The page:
“General dissatisfaction was expressed by the public, and many people, after paying their money, were so disgusted that they retraced their steps and returned to town. How ever beautiful and interesting Messrs Stark and Quick intend to make their gardens, the grounds did not appear to advantage on Saturday. Visitors paid their money at the gate, and were ushered into a bare and recently ploughed enclosure, surrounded by concrete walls. There was no sign of vegetation anywhere, and the only seats available for ladies were several dirty logs and a few planks on which the workmen had mixed their concrete in building the walls … Under these circumstances, it is not surprising that visitors were dissatisfied. Surprise was evinced at the indiscretion of Messrs Stark and Quick in allowing their grounds to be thrown open to the public before their proposed improvements had well been commenced, inasmuch as a false impression is liable to circulate which even years hence may act to the detriment of the gardens.” 10 Given the lack of any mention in the media, whether by articles or advertisements, of a successful tea garden here, and the evident bareness we can see from photographs of the site from the mid to late 1880s, the Star reporter’s prediction seems to have come to pass. The NZ Herald was just as scathing of the lack of facilities that day in March 1882, both for the performers and the public, provided at the gardens. There was no platform for the bandsmen, who had to contend with playing in the midst of a large crowd of 3000. “On future occasions of this kind,” the reporter wrote, “it will be necessary to have a place exclusively for the bands if they are expected to do justice either to themselves or the public.” 11 The Waikato Times were even more descriptive in their criticism. “At present the gardens do not exist, and there were no adequate preparations made for the convenience of the public who were there to the number of two or three thousand. The beautiful parterres of flowers, the grassy lawns, smooth and level as a billiard-table, the comfortable garden-seats, the shady arbours, in which friends could do their billing and cooing, were all conspicuous by their absence.” 12 Undaunted, later that month Stark and Quick were at the inaugural meeting of the Devonport Club, with Stark as president, and Quick as vice-president. 13 This is the last reference found to their association together. It is doubtful that the gardens progressed beyond the concrete wall, 6 inches thick and at least 6 feet high in places, and a gatehouse with an ornamental tower on the Beach Road (now Queens Parade) frontage. 14 In March 1884, Stark (now by himself, having bought out Quick’s interest by a mortgage which he had cleared by early 1884) leased the Clarence & Anne Streets corner site (part 22A) to the Devonport Ferry Company, 15 of which by that time he was a major shareholder and soon to be director of with Alison. The rest of the property was sold outright to George Holdship the following month. 16 George Holdship started out selling firewood, timber, sashes and doors from his works on Customs Street in Auckland in the 1860s, 17 before becoming manager of the Auckland Timber Company, which later merged with the Kauri Timber Company by the late 1880s. 18 The gardens weren’t known as the Bear Gardens at that point, however. None of the newspapers of the nineteenth century appear to have used the term until 1890, long after both Stark and Quick had left the story, when the grounds was called “Alison’s Bear-gardens”. 19 Apart from the 1890 reference, all others come from the 20th and this century. For me, researching the Bear Gardens of Devonport has been somewhat of a study in the construction of folklore (other examples are discussed later, concerning the Onehunga Zoo). In 1919, H. Hector Bolitho wrote in his Devonport on the Waitemata: “There is one part of Devonport which is often passed by the unknowing. It is the area enclosed by Garden Terrace, Kapai Road and a portion of the Queen’s Parade. This ground was once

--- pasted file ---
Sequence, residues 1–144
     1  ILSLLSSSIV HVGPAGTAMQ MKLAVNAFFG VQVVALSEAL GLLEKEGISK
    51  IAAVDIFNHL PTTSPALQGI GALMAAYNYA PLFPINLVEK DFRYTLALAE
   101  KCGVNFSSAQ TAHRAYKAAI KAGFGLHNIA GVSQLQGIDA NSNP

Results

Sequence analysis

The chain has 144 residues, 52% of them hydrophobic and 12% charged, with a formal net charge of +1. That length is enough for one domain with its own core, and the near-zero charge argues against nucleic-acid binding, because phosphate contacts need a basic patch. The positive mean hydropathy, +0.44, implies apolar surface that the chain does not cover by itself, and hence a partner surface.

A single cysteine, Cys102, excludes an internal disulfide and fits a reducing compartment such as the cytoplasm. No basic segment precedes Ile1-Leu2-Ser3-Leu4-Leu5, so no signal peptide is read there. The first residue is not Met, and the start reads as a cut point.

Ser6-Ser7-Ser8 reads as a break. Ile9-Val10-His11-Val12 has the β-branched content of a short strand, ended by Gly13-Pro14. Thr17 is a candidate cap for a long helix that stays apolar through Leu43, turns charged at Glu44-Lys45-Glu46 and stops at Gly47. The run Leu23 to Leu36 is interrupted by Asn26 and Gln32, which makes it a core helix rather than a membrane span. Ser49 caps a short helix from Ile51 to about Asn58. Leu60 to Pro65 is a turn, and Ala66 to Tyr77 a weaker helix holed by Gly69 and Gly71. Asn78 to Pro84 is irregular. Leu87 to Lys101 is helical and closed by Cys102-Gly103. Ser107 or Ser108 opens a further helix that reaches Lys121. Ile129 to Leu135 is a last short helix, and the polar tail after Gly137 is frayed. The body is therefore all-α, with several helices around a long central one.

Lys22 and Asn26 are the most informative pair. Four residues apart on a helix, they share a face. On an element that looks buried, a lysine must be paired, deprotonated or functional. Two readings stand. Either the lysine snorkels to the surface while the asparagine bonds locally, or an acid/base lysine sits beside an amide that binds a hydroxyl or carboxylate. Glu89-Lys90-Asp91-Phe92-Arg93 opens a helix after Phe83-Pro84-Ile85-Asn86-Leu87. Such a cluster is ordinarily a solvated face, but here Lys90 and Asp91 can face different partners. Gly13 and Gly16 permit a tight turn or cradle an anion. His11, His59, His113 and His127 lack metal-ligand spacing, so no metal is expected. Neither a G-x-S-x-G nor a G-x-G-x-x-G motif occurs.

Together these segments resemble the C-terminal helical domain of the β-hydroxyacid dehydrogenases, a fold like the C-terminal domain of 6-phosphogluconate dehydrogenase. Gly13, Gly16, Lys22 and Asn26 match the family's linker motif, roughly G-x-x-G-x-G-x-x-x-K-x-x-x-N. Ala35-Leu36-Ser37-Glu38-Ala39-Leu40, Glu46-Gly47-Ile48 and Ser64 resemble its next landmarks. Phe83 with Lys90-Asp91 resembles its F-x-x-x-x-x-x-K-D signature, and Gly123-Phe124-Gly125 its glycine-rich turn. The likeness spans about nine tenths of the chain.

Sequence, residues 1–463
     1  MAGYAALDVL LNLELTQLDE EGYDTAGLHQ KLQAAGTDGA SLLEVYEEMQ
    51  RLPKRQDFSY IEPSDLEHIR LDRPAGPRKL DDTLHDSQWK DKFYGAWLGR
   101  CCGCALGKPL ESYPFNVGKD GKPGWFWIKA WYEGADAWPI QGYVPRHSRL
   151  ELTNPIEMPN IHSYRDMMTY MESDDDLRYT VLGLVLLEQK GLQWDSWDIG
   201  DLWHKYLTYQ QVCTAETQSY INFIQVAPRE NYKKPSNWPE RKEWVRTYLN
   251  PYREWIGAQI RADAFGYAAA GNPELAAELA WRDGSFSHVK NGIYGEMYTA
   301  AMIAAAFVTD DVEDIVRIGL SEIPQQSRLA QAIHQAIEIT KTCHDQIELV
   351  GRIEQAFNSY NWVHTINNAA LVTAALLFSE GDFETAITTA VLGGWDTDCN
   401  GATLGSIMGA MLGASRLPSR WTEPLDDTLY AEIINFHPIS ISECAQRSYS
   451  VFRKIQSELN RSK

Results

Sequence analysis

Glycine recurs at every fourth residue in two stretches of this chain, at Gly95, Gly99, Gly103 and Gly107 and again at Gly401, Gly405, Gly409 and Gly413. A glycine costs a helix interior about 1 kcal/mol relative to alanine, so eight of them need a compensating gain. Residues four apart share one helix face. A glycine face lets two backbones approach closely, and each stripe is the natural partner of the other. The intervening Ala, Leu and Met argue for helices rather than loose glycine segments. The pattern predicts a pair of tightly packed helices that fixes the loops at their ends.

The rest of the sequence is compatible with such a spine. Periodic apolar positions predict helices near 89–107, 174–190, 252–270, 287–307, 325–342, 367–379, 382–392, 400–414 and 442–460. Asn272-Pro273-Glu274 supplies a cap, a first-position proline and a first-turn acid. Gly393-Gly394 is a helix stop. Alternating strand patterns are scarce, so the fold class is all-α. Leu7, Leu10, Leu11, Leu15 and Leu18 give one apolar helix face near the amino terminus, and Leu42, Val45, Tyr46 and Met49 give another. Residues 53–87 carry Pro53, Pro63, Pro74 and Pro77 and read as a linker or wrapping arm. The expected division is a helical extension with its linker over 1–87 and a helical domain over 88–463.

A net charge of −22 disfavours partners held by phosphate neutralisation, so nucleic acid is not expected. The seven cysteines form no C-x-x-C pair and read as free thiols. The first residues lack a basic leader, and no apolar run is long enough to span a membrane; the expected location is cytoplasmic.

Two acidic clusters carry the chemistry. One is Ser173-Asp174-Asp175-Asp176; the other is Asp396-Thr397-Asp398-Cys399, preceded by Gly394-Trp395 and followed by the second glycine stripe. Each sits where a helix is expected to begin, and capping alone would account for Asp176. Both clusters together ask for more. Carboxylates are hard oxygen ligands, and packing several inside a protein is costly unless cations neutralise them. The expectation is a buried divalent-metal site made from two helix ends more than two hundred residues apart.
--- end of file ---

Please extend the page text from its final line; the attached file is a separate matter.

bordered by high stone walls, and was known as the “Bear Garden”. Some enterprising showman sought to attract people across the water by keeping his ‘teddies’ in this enclosure. But either the bears died or the attraction wore off, and only odd portions of the wall stand today as a monument to the old gardens. The ground is now covered by houses.” Bolitho (1897-1974) was a prolific and well-known author and biographer with a long career, but he was born around the time the gardens were subdivided and sold and the wall began to come down. It sounds from his passage on the gardens that he listened to something told to him by others, and then added his own thoughts. It lacks dates or specifics, and describes only around half of the total size of the site (and nothing of the Clarence Street extent of the wall). In 1924, Thomas Walsh compiled his An Illustrated Story of Devonport and Old North Shore 1848-1924. In his article on the Devonport ferries, Walsh wrote regarding George Quick: “In 1886, Mr. Geo. Quick … broke with [the Devonport Ferry Company] …He purchased two fine ferry steamers in England and they were ‘put together’ one on the site of the old Bear Gardens on Queen’s Parade the other (the Osprey) at Niccol’s old yard near the rowing shed. The Bear Gardens were part of Mr. Quick’s scheme to attract ferry traffic to Devonport.” Walsh (1887-1968) was born only as Quick was splitting from the Devonport Ferry Company, but his account is correct in that Quick did purchase and operate the Eagle and the Osprey. It is likely that some of the shipbuilding activities which went on at the gardens may have been his, if he temporarily leased part of it from George Holdship. It is also correct that Quick (in partnership with Stark, but Stark isn’t referred to by Walsh in the account) had the promotion of ferry traffic in mind in coming up with the idea of the gardens with his business partner. Walsh doesn’t make any claim that it was Quick who gave the gardens the name “Bear Gardens.” Isabel M. Cluett in her article entitled “Story of the old North Shore -- Green fields of Flagstaff have become Devonport,” (1958) was rightly cautious about whether there were any bears or not involved, but still made the error of associating the high walls with the bruins, hedging her bets with the Devonport locals who really do believe that the site was a bear garden. In doing so, she contradicted herself. “There were the ‘Bear Gardens’ where, so far as I know, there were never any bears, but there were high stone walls with broken glass on top, presumably to keep bears in and boys out.” 20 A 1972 local newspaper called the Midweeker had this to say: “The Garden Terrace Bear Garden was a popular place by the waterfront … The area featured a pond where children learnt the art of sailing.” 21 The reference to a pond may have come from memories of those locals still alive at that point who remembered the period before 1898 and the subdivisions. However, according to subdivision plans for the area, while there is no pond noted on the Bear Garden site, 22 there was one to the west of Huia Road, further along the beachfront. 23 At this point, memories of details of the Bear Gardens site’s origins seem to have become misty. In 1975, Paul Titchener stepped into the story, with an article published on 23 September that year in the North Shore Times Advertiser. In the article, Titchener also made no mention of R. A. M. Stark, and concentrated solely on George Quick in terms of responsibility for the establishment of the garden, claiming that Quick built the garden around 1886 during his ferry